Two Australian small businesses will face off in the Federal Court over allegations one of the builders has been trading off the other’s designs and marketing material.
Family-owned builder Ian Cubitt’s Classic Home Improvements has initiated proceedings in the Federal Court against Granny Flat Projects, which it claims has been trading off its copyrighted designs, brochures and lawn signs for granny flats or secondary dwellings.
In a statement issued to SmartCompany, Cubitt’s said it has previously come across other companies trading off its designs and material, but that these operators have responded to quickly to warnings.
However, in the case of Granny Flat Projects, Cubitt’s said the company originally agreed to remove the copyrighted material from its marketing, but material owned by Cubitt’s again appeared in new versions of Granny Flat Projects’ marketing.
Cubitt’s is seeking all profits made by Granny Flat Projects on projects in which the disputed material was used, as well as profits on projects undertaken by Granny Flat Projects for clients that came to the firm after they had been exposed to the material in question.
“Essentially, this will be all the profits made by Granny Flat Projects,” said Cubitt’s.
Cubitt’s will also seek an injunction from the court to prevent Granny Flat Projects from using the material, as well as the destruction of all offending hard-copy and online material.
According to the statement of claim, seen by SmartCompany, the material in question includes lawn signs featuring a floorplan for a granny flat; a presentation that incorporates the same floorplan as well as others, computer generated images of the floorplans and text explaining what is included in the plans; and promotional brochures including one or more of the floorplans and accompanying text.
“Our lawyers tell us a couple of things,” a Cubitt’s spokesperson said in the same statement.
“This type of breach is aggravated and special damages apply in addition to basic damages and that in order to establish the scope of the basic damages before the aggravation is taken into account, a complete forensic investigation of the culprit’s business will be undertaken for which the perpetrator will have to pay the cost in addition to the damages and ordinary costs of the court case.”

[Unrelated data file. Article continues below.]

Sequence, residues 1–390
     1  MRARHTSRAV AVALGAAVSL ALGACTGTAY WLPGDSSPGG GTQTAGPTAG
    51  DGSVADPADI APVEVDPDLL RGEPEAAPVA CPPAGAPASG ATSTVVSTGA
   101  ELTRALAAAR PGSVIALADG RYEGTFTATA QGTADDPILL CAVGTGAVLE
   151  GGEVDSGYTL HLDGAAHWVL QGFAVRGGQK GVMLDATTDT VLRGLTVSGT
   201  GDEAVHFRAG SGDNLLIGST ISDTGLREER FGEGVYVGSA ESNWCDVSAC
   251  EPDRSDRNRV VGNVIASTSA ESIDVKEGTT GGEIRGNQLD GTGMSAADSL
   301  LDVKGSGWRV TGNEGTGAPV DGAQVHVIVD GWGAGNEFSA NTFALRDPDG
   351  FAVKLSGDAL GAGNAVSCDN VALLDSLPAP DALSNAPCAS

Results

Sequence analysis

The spokesperson said alleged copyright breaches are common in the construction industry.
“Cubitt’s alone has now had at least three examples of people trading off our intellectual property,” the spokesperson said.
“At some point, we have to put a stop not only to this example but the others who might do the same and let the industry know we will not tolerate it.”
“Not to put too fine a point on it, using someone else’s intellectual property to get a sale is stealing.”
SmartCompany contacted Granny Flat Projects but did not receive a response prior to publication.
NDA Law director and partner John MacPhail told SmartCompany it is not unusual to see instances of builders or architects alleging their designs or floorplans have been “ripped off” by others.
“Those cases are relatively straightforward and the courts have dealt with them before,” MacPhail said.
However, in this case, MacPhail says Cubbitt’s is also alleging Granny Flat Projects has traded off copyrighted marketing material, in addition to its designs.
MacPhail says there is no reason why a lawn sign for a property could not be subject to copyright, providing it is long enough and original enough.
Based on the comments by Cubbitt’s about “aggravated” damages, MacPhail says it is likely the company will allege Granny Flat Projects did not inadvertently breach its copyright, but instead acted in a sneaky or under-handed way.
However, MacPhail says it may be difficult to prove before the court that all profits made by Granny Flat Projects are the result of the alleged use of Cubitt’s copyrighted material.
While he says there is the presumption of lost sales in most intellectual-property cases, Cubitt’s are “drawing the bow slightly longer” to claim every sale made by Granny Flat Projects was a consequence of the use of the material.
“It would be very difficult to show,” MacPhail said.
“A court would normally discount profits on the basis of those types of damages and assume some sales would have been made anyway.”